The Shehechiyanu blessing is said to acknowledge the miracle of the present moment. Traditionally, it is recited when we do something for the first time that year — such as lighting Chanuka candles, hearing the shofar, or shaking the lulav and etrog — as well as at the start of most Jewish holidays. The blessing honors and expresses the wonder of having arrived. “Blessed are You, L-rd our G‑d, King of the Universe, who has granted us life, sustained us and enabled us to reach this occasion.”
Tonight, we’ll be celebrating the last days of Passover, known as “Shvi’i Shel Pesach” and “Acharon Shel Pesach.” When we light the Holiday candles, however, we will not be reciting this blessing, even though it is the start of the “last days”.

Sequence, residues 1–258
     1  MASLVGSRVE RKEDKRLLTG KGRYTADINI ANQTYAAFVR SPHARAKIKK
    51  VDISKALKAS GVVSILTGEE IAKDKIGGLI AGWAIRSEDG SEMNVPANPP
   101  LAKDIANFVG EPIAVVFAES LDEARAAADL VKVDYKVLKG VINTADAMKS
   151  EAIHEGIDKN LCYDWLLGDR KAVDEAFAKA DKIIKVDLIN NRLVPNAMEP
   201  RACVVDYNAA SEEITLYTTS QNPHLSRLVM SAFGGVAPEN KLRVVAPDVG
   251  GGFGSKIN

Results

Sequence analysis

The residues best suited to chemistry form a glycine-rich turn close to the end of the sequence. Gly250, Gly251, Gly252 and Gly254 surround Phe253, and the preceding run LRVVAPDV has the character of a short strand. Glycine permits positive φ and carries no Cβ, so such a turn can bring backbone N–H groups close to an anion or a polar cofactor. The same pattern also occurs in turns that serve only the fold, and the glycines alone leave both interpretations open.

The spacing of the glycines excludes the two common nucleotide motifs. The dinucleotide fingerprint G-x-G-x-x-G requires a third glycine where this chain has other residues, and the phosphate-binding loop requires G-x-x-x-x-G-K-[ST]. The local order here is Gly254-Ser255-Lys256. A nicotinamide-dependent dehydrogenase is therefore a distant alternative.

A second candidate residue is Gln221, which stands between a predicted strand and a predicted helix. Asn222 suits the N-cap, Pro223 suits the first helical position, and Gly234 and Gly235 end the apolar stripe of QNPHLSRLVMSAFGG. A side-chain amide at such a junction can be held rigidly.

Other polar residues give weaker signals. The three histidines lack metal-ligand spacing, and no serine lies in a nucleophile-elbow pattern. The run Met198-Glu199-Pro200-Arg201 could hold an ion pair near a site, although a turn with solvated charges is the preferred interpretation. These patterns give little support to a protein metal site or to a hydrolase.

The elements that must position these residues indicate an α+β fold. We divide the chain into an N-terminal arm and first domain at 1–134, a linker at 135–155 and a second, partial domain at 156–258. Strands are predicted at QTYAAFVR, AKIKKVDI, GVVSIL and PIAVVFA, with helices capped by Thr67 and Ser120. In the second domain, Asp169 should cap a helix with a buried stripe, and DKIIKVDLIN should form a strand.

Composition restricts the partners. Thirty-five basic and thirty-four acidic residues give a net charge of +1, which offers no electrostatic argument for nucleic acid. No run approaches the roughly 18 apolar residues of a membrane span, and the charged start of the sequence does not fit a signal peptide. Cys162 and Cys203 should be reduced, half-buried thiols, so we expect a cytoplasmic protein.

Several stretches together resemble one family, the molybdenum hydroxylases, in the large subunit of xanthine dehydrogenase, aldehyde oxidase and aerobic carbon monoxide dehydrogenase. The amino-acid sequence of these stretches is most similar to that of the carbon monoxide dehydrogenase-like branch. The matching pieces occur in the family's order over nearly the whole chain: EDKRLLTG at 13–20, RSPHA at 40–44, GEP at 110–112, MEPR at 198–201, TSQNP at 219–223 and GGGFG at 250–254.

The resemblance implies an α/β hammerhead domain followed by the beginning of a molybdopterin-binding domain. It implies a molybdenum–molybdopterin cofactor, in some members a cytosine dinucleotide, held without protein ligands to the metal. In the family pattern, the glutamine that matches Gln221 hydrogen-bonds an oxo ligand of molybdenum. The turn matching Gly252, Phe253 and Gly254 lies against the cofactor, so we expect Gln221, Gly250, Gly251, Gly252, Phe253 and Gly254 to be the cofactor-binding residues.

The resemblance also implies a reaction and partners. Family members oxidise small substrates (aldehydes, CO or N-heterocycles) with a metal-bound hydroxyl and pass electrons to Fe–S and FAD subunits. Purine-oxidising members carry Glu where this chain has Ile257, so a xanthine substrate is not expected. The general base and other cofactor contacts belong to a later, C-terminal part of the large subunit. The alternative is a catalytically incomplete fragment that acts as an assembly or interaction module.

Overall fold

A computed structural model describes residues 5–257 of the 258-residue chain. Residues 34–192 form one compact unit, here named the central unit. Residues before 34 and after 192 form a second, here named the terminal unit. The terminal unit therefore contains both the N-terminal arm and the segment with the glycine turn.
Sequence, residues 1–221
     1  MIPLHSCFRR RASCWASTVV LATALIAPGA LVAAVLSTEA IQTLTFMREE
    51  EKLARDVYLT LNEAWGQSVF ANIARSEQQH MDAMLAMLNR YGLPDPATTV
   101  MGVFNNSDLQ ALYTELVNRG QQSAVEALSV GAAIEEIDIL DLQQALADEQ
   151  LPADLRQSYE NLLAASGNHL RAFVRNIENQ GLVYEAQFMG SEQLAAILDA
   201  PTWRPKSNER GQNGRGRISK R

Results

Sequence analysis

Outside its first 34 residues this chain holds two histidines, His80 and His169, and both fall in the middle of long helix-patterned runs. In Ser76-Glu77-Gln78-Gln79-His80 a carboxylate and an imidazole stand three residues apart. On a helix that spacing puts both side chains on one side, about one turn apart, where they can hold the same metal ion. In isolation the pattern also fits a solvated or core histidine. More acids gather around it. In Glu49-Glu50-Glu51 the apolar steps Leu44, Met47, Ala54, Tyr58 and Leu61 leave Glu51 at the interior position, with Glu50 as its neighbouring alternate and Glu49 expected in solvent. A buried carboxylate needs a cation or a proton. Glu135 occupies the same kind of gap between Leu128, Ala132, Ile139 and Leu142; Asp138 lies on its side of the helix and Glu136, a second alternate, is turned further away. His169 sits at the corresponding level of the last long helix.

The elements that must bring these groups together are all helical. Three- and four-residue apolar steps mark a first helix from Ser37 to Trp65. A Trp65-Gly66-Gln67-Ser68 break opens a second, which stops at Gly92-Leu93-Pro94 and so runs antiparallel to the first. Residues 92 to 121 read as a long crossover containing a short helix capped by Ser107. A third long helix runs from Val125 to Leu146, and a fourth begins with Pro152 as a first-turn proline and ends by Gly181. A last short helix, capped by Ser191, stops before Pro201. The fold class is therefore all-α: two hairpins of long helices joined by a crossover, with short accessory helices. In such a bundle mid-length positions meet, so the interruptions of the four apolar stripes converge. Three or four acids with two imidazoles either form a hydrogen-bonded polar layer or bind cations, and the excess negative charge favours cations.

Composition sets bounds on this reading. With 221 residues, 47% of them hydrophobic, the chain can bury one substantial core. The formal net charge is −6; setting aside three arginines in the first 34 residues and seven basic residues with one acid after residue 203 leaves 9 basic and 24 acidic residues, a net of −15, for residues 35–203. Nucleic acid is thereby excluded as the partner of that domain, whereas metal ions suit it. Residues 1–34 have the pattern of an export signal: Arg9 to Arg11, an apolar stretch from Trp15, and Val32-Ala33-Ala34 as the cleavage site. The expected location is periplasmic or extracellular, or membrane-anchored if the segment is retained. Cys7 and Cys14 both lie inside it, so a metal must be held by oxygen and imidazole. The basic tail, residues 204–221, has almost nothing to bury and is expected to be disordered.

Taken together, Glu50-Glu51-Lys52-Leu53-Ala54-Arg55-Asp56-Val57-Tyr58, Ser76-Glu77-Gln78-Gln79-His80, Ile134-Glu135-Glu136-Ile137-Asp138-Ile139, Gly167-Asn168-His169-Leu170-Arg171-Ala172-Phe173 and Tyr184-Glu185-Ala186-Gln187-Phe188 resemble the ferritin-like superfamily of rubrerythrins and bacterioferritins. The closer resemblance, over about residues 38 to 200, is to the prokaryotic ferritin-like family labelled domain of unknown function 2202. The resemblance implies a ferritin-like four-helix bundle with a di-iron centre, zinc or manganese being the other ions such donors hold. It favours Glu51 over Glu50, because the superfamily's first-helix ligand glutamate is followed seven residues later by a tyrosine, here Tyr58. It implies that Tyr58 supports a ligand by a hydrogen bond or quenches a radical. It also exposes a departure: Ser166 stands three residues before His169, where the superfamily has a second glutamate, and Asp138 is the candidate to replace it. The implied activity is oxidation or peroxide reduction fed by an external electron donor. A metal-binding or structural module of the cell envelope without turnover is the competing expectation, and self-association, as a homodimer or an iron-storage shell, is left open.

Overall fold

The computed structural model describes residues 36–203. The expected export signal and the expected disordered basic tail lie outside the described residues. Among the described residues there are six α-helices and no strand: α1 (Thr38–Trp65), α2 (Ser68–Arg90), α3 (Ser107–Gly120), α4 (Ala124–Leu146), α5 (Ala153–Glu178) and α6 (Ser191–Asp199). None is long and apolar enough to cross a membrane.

The reason for this is that the last days of this holiday commemorate the drowning of the Egyptians in the Red Sea. We are celebrating the destruction of evil - something which is not yet complete. There is still evil in this world, which we must work hard to eradicate. This process will be complete with the coming of Moshiach.
Therefore, during the afternoon of the last day of Passover, which falls out on Shabbat this year, we sit down for a Moshiach Seudah - the feast celebrating the redemption. We drink 4 cups of wine and eat Matzah to start the meal that we will complete with Moshiach, when we leave this final exile, may it be now!
Tonight, light Holiday candles before 7:24 PM. Tomorrow evening, light Shabbat/Holiday candles before 7:25 PM (from a pre-existing flame). For the blessings and more, check out http://Passover.org